the golden thread that leads me from the

labyrinth, where by the cold and narrow

entrance, you already wait for me.

Bless The Bones Of California

These days are getting short enough

to chew on. You can feel the sunsets

swelling right on your molars, melting

like butter in between your lips. On the side

of the road, a dirt scarred truck

sits on a lopsided slope. One headlight

is gouged out, like a wandering eye

ripped out of its metal socket.

Deep in the fields of Cotati,

you can drink the September heat

like soup still in its can, the salt boiled

away, leaving only the cream to scald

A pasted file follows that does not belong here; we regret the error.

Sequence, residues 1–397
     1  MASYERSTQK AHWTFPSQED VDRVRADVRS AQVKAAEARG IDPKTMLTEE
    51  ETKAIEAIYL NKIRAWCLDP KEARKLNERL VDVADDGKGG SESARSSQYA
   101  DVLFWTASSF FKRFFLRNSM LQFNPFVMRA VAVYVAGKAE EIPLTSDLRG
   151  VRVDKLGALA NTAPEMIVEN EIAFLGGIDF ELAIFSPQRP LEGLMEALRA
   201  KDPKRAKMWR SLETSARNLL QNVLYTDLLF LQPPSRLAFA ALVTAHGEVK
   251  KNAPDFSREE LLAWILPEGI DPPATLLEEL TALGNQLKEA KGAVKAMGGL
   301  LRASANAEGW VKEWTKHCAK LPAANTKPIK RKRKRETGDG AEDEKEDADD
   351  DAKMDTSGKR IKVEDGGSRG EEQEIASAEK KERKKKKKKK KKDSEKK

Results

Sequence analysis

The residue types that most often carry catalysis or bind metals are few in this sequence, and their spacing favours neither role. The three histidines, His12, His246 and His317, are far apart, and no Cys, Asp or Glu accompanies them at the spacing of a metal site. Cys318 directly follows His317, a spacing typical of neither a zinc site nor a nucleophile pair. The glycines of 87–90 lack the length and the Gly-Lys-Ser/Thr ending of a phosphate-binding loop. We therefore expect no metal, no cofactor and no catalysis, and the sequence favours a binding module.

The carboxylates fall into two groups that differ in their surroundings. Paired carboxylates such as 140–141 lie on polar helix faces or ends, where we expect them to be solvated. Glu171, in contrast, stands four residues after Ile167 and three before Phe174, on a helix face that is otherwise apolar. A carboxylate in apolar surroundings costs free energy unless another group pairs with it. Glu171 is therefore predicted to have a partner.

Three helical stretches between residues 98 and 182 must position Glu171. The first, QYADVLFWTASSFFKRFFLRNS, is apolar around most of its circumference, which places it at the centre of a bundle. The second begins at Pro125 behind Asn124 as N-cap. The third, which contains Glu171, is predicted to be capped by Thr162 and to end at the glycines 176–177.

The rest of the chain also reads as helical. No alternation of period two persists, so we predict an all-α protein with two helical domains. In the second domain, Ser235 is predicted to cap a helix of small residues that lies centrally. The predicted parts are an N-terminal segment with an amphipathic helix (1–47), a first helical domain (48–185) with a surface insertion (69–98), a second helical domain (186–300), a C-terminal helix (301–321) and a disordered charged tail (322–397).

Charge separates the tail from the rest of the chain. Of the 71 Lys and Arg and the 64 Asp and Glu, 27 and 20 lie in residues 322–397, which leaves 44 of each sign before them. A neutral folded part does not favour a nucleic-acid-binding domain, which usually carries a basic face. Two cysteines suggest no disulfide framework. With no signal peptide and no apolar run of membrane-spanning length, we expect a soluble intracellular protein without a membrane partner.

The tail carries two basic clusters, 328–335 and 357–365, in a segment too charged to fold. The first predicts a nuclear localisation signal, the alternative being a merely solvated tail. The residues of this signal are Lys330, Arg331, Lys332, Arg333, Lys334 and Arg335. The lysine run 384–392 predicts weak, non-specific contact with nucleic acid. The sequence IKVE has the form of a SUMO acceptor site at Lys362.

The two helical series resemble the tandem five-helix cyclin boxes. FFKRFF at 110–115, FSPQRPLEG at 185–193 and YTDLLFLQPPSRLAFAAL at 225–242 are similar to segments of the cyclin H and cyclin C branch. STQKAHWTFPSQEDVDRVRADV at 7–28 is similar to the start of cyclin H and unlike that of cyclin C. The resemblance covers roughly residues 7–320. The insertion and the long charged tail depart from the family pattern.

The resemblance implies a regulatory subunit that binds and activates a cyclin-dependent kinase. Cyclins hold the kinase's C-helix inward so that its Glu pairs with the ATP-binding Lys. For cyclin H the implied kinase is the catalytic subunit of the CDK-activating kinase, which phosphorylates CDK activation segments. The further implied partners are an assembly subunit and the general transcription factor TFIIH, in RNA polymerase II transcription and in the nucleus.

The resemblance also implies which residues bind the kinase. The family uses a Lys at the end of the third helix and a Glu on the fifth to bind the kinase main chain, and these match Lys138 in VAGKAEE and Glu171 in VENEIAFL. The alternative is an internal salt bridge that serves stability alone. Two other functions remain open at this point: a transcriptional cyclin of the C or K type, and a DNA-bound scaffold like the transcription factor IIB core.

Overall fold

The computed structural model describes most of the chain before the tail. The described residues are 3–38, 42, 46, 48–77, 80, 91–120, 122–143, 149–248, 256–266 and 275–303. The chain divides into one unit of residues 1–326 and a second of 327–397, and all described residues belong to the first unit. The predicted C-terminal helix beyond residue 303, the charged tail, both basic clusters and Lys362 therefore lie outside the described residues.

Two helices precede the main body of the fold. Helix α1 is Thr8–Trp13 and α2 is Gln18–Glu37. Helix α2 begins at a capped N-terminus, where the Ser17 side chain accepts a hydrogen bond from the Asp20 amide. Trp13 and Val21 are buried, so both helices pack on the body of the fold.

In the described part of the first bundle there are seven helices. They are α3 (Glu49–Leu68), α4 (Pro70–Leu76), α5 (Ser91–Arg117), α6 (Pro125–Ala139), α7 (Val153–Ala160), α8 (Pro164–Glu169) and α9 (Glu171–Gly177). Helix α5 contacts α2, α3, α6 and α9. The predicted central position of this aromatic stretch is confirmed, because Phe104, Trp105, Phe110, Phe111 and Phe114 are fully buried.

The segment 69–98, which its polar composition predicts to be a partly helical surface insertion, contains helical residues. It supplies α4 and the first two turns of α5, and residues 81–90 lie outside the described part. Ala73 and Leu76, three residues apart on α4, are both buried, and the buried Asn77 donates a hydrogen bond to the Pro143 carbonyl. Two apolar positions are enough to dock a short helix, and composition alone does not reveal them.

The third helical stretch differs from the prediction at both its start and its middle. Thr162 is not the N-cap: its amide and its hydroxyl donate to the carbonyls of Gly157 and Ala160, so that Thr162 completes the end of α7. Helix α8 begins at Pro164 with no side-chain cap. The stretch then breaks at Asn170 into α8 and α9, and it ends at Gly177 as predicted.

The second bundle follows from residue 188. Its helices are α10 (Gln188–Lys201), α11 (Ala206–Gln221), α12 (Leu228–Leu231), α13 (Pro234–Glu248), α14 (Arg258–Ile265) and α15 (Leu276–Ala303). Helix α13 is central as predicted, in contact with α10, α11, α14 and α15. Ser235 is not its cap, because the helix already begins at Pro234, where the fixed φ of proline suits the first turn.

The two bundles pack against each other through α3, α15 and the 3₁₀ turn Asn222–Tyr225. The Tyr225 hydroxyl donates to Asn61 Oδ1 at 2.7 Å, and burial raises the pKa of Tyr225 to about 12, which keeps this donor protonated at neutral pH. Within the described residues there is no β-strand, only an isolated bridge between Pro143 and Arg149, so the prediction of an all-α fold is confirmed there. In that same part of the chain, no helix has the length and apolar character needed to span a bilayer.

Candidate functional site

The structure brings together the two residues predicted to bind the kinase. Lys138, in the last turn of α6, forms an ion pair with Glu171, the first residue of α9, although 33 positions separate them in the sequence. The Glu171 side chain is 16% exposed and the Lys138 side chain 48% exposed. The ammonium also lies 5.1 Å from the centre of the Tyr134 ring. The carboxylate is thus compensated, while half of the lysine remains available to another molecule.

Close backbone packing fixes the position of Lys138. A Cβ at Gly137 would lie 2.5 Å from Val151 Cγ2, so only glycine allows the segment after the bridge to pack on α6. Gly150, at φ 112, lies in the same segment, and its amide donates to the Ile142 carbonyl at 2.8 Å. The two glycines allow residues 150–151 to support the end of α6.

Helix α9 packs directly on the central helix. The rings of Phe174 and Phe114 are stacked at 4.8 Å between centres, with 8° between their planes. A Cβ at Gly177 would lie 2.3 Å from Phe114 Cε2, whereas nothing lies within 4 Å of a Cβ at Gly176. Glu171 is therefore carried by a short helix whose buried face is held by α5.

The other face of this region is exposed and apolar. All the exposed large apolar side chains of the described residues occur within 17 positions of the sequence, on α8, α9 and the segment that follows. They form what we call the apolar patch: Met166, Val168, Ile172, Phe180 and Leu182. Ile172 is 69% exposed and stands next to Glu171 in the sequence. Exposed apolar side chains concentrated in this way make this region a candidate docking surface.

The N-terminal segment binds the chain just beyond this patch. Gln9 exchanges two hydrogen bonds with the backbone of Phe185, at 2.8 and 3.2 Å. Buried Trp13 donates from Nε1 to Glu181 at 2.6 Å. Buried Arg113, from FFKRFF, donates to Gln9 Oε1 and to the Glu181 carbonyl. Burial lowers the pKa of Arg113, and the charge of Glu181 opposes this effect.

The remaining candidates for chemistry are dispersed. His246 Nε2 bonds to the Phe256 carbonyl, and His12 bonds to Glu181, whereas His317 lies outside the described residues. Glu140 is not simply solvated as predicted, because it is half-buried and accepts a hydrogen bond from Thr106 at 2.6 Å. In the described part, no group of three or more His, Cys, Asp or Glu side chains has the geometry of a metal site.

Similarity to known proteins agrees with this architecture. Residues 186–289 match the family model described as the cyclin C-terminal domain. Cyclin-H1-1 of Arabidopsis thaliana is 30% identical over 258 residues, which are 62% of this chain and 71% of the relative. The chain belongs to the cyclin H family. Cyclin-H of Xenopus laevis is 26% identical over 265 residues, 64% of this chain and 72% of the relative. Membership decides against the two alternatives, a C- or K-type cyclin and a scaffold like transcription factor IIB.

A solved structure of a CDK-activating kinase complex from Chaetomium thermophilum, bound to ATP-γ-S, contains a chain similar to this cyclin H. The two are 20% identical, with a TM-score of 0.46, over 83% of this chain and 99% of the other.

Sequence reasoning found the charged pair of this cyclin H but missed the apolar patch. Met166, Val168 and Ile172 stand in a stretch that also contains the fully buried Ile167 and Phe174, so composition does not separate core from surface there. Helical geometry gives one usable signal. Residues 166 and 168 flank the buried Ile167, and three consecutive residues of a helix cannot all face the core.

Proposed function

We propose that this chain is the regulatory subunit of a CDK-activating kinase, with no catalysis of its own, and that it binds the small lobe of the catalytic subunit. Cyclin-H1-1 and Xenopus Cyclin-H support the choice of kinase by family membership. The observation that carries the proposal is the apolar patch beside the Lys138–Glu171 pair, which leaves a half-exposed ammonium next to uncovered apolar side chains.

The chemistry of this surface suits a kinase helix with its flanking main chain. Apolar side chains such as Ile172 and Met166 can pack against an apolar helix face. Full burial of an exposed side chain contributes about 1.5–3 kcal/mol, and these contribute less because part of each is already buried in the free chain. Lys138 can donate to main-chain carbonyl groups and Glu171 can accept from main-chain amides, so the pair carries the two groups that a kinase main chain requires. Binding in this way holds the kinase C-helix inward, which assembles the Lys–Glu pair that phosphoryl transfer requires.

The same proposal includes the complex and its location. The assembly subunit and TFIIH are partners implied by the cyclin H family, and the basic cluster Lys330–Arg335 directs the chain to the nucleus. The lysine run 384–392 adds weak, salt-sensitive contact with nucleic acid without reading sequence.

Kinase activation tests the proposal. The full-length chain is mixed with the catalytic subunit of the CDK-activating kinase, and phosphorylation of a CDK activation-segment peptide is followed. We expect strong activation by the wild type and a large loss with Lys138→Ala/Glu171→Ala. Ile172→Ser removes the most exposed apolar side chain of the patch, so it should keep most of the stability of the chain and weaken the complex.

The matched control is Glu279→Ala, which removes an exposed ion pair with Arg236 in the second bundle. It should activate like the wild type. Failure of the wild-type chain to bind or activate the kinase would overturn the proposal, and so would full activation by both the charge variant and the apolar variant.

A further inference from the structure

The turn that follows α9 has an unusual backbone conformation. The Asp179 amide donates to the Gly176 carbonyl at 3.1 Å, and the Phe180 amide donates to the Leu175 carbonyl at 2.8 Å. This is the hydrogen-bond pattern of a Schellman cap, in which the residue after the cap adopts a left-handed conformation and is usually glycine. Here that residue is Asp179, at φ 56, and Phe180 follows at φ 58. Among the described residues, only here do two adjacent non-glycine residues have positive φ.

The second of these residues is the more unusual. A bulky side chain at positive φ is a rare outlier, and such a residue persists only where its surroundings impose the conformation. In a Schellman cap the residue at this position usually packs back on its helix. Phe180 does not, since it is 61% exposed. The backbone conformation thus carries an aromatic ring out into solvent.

your mouth after the first sip. Only a few

neighborhoods away, the fires have taken

everything. Our relatives are left with

silhouettes of ash, but we still have

our house, our two acres, our banalities.

I can hear your boots assault the

skeletons of leaves on the patio outside. I am

old enough to understand the profanity

that you use to button up your

one-size-too-small shirt.

You are young enough to still carry me

on your shoulders, but once it gets dark

too quickly, your shadow weighs

us both down, and the North Bay swallows

us up in its maw until the sunrise

is cool enough to eat with a spoon.


There were days when scratching

numbers into the leaves was all we had,

and counting the stars was comforting

because we didn’t have to worry about

how many there were, or how many of them

would submit to the cold inferno above

our ill-conceiving eyes.

The end of an era.

That was before we cared

about dynasties.

That was before

we carried around our names on staves

and pounded the need for recognition into